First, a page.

Let $A,B,C$ are the coordinate ring of three affine varieties in affine space over an algebraically closed field $k$, $B$ and $C$ are normal, and $i: A\longrightarrow B$ is an injective $k$-algebra homomorphism.

If there is another injective $k$-algebra homomorphism $\varphi$ from $A$ to $C$, can we deduce that there exists a homomorphism $\psi: B\longrightarrow C$ such that $\varphi=\psi\circ i$ ?

If such homomorphism exists, is it unique ?

  • $\begingroup$ A small comment for fun: an algebraically closed field is necessarily infinite, so you don't need to specify "infinite alg closed". $\endgroup$ – Bogdan Jan 28 '13 at 15:44

If $B$ is finitely generated over $k$, then it is certainly finitely generated over $A$, so we have $B=A[x_1,\ldots,x_r]/I$ for some ideal $I$. Furthermore, $C$ becomes an $A$-algebra via the morphism $\varphi$. Now, we get a morphism $\psi_c:A[x_1,\ldots,x_r]\to C$ of $A$-algebras for every $c=(c_1,\ldots,c_r)\in C^r$ by mapping $x_i\mapsto c_i$. If we want a morphism of $A$-algebras $B\to C$, we need to make sure that $I\subseteq\ker(\psi_c)$. Let us assume that $I\ne(1)$, because otherwise we'd have $B=0$, which would be weird.

Let us first assume $A=k$. If $k$ were algebraically closed, we'd know that there is a common zero $a=(a_1,\ldots,a_r)\in Z(I)$ and we could choose $c_i=\varphi(a_i)$. Indeed, it seems that infinite is not enough:

Let $A=C=\mathbb R$ and $B=\mathbb C$. The problem is that you have no algebra morphism $\mathbb C\to \mathbb R$. It would imply that you can map $i$ to some element $\psi(i)\in\mathbb R$ which satisfies $\psi(i)^2=\psi(i^2)=\psi(-1)=-1$.

However, in the case where $k$ is algebraically closed and $A=k$, we can do it. Now, that does not offer much hope: Even if $k$ is algebraically closed, $A$ is not necessarily an algebraically closed extension field.

Edit: Note that we have also established that if such a $\psi$ exists, it does not have to be unique. You might have a lot of choices for your $c$.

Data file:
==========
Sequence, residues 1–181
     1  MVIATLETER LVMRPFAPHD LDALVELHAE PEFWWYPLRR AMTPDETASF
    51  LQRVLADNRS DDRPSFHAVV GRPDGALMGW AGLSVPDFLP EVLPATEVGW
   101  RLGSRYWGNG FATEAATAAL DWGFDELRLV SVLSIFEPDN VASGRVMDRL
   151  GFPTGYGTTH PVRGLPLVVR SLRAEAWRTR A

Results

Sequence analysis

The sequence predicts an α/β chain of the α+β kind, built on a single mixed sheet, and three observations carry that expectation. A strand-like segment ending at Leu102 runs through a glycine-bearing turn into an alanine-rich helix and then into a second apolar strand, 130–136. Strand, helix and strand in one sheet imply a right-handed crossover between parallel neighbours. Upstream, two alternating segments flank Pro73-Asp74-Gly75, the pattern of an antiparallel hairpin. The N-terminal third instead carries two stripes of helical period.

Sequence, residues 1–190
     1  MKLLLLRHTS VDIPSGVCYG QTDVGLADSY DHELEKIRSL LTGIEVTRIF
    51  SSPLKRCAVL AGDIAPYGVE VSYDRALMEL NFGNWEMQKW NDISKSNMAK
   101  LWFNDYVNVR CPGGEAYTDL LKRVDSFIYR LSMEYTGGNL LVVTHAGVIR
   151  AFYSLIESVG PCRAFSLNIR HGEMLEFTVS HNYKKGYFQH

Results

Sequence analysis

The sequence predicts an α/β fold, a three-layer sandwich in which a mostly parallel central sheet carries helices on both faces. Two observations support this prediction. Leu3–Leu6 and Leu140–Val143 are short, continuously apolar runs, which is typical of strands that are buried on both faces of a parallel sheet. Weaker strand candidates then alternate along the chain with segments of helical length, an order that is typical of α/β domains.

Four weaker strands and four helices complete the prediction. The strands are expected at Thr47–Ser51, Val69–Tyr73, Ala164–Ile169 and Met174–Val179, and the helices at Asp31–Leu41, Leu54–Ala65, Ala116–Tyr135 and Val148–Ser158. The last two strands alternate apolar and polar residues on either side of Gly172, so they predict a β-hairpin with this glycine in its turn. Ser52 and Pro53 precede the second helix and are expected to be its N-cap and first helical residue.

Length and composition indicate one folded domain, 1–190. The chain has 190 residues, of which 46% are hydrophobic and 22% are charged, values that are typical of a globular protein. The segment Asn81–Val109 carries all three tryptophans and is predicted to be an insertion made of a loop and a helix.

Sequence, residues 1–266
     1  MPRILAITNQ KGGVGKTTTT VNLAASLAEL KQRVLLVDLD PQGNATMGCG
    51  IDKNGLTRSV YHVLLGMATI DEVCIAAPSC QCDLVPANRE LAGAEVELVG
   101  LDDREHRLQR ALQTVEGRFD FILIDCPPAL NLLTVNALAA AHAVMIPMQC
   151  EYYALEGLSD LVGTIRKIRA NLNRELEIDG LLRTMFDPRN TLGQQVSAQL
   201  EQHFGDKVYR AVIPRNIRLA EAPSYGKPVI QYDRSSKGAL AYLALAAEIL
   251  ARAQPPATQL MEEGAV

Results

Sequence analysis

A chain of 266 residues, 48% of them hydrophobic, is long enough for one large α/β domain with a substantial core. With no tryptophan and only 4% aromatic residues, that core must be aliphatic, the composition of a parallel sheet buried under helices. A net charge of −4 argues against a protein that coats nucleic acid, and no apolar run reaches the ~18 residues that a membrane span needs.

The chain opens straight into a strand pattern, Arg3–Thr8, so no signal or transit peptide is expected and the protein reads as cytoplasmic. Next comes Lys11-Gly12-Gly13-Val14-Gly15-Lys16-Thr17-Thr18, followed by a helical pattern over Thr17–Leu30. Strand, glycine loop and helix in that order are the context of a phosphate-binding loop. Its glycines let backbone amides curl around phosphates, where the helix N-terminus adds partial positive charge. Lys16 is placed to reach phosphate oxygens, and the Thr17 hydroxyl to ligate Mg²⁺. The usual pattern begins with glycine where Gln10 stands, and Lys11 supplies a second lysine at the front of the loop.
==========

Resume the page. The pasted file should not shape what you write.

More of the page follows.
| cite | improve this answer | |
  • $\begingroup$ Sorry Jesko, I have confusion with some injective homomorphism, and you posted your answer when I was editing my question. Sorry if my question waste your time. $\endgroup$ – Arsenaler Jan 28 '13 at 15:39
  • 1
    $\begingroup$ I still think there's some value for you in my post. $\endgroup$ – Jesko Hüttenhain Jan 28 '13 at 15:42
  • $\begingroup$ Will the result change if $B,C$ are normal? $\endgroup$ – Arsenaler Jan 28 '13 at 16:46

No. Let $A:=k:=\Bbb R$, and $B:=\Bbb R^2$ with coordinatewise multiplication and $C:=\Bbb C$.

| cite | improve this answer | |
  • $\begingroup$ But there is one: $B\to C$ by $(a,b)\mapsto a$. You could even $(a,b)\mapsto b$ if you like. $\endgroup$ – Jesko Hüttenhain Jan 28 '13 at 15:25
  • $\begingroup$ You are talking about algebra-homomorphisms, not? And what would be the inclusion $i:A\to B$? Should be the diagonal... If you prefer, change the roles, $B:=\Bbb C$. From $\Bbb C$ there are not too many algebra homomorphisms.. $\endgroup$ – Berci Jan 28 '13 at 15:33
  • $\begingroup$ For one thing, no, $\psi$ does not have to be injective. Consider $A=C=k$ and $B=k[x]$ with $\psi: x\mapsto 0$. Secondly, the map $\mathbb R^2\to\mathbb C$, $(a,b)\mapsto a$ is an algebra homomorphism. However, there is a better counterexample: $A=C=\mathbb R$ and $B=\mathbb C$. There is no algebra homomorphism from $\mathbb C$ to $\mathbb R$. $\endgroup$ – Jesko Hüttenhain Jan 28 '13 at 15:37
  • $\begingroup$ I have edited my question second time. Please check it again. I am sorry if it waste your time. $\endgroup$ – Arsenaler Jan 28 '13 at 15:40
  • $\begingroup$ @JeskoHüttenhain: yes, I deleted the injectivity argument in my comment and also realized that if $\Bbb C$ is the source, then the reasoning becomes easier.. $\endgroup$ – Berci Jan 28 '13 at 15:45

Your Answer

By clicking “Post Your Answer”, you agree to our terms of service, privacy policy and cookie policy

Not the answer you're looking for? Browse other questions tagged or ask your own question.